TIM FERNHOLZ: Well, it’s the same things that are driving a lot of the fun technological improvements in our lives and it starts with miniaturization. A lot of people have smartphones and that’s just kind of the concrete evidence that we can put a really powerful computer in a very light package.

IRA FLATOW: So they’re building tiny little satellites?

TIM FERNHOLZ: Well, the same principles apply. What used to be maybe a 500 pound, a one ton satellite, is now maybe 100 pounds. Maybe it’s five pounds for CubeSats that weigh just a few kilograms. And as people are seeing what these small satellites can do, they’re getting ideas about what they can do in orbit. The big obstacle for doing any kind of business in orbit, above earth, is getting stuff up there. It costs tens of thousands of dollars per pound.

But now, the satellites are getting small enough. And new space companies are promising low enough launch costs, that Silicon Valley investors are throwing hundreds of millions of dollars at satellite businesses that people would have thought were crazy a decade ago.

IRA FLATOW: So who are the major players here?

TIM FERNHOLZ: So on the rocket side, you have a company called Vector Space. You have another called Firefly. You have a company called Rocket Labs. And you also have Richard Branson, the UK billionaire, whose company Virgin Galactic is also developing a rocket that fires from a plane, that will launch small satellites into space.

IRA FLATOW: I thought he was just in the tourism business.

TIM FERNHOLZ: You know, the tourism business is not going so well. They’re having a hard time getting that rocket off the ground. And really, they’re looking at this new surge of small satellites and saying, oh, well this is something that we can do and make a buck on.

IRA FLATOW: How big a rocket is a small rocket?

TIM FERNHOLZ: So the Vector Space rocket or the Virgin Galactic rocket, those are going to be 40 feet, 60 feet long, which is pretty big. I mean. But when you think about a SpaceX rocket is 14 stories tall. Or the new SLS rocket that NASA is building to send people to the moon is even bigger than that, these are small for rockets.

IRA FLATOW: So are the SpaceX people watching and saying hey, maybe we could get into that business, too?

TIM FERNHOLZ: Yes and no. What’s funny about SpaceX is when they originally started their company in 2002, this is what they thought they would do. They were going to build a small rocket and launch small satellites and that was going to be great. But then they succeeded in building the rocket and no one wanted to buy it from them. No one wanted to hire them. There wasn’t a market.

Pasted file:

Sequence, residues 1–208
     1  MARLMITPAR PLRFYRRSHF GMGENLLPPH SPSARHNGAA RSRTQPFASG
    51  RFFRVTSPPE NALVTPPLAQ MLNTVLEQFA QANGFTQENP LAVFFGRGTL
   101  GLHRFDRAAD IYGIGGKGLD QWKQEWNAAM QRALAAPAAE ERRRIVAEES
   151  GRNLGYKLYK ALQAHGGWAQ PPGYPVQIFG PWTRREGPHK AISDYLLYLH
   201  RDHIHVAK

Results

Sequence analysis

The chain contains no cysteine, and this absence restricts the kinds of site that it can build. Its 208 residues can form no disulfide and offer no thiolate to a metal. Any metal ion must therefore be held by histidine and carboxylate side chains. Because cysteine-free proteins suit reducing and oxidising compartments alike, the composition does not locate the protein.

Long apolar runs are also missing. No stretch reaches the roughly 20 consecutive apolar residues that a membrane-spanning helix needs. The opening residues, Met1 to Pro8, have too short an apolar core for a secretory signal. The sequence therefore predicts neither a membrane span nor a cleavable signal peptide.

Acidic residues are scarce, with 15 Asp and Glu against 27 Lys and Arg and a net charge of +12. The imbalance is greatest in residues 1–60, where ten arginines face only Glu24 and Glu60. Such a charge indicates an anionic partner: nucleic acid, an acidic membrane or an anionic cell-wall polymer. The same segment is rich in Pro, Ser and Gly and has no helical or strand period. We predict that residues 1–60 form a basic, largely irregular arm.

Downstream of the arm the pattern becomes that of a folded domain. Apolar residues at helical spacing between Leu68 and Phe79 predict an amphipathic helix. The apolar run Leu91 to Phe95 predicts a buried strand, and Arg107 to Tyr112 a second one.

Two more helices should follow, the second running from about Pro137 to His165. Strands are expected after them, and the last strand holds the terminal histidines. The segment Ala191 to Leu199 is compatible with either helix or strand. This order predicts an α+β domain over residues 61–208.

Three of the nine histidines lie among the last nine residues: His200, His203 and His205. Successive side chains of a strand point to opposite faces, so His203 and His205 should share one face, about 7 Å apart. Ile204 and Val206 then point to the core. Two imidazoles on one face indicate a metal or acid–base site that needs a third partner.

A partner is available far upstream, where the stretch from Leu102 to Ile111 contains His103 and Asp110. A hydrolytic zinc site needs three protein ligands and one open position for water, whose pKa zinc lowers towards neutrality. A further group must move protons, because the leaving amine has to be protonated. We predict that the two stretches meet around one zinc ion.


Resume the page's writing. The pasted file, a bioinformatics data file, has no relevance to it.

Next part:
So they were like, forget this. Let’s build a big one. In the process, they did that, they lowered the cost so much that all of a sudden there’s a lot more demand. And suddenly now there are people who are building small satellites who will get– who have convinced these new companies to step into the– step into the role of launching them.

But now SpaceX and other competitors like Boeing and Lockheed’s joint venture, ULA, they’re like, oh we’re going to have to figure out how to do this, too. So they’re developing new special racks to carry lots of small satellites. And they’re working with companies that are like ride-sharing for space, who are kind of brokers for all these small satellite entrepreneurs with these big expensive rockets.

IRA FLATOW: Speaking of ride-sharing, I guess you can call these other companies the Uber.

TIM FERNHOLZ: I certainly have.

IRA FLATOW: So why, if you want to build a small satellite, what are the pros and cons of choosing the big guys versus the new startup companies?

TIM FERNHOLZ: So all of these big guys are based around an economic model of putting really huge, heavy satellite very, very high up in the air. And so this new business model of having a lot of tiny satellites pretty low in space, it just doesn’t jive. And they end up kind if being, just tagging along on these missions up to space. They don’t really get to pick when they launch. They don’t get to pick how they launch. There’s no flexibility.

So it’s a hassle. And they also have to wait 14 months, 18 months to get up into space, which if you’re a Silicon Valley person and you want to iterate and you want to break things and fail fast, 18 months is an eternity. So if they can find a solution where they launch in just one month, then they have an opportunity compete perhaps.

IRA FLATOW: Being you mentioned Silicon Valley, Silicon Valley is a place where people raid each other’s companies for intellectual property ideas and smart people. Is that happening in the rocket building business also?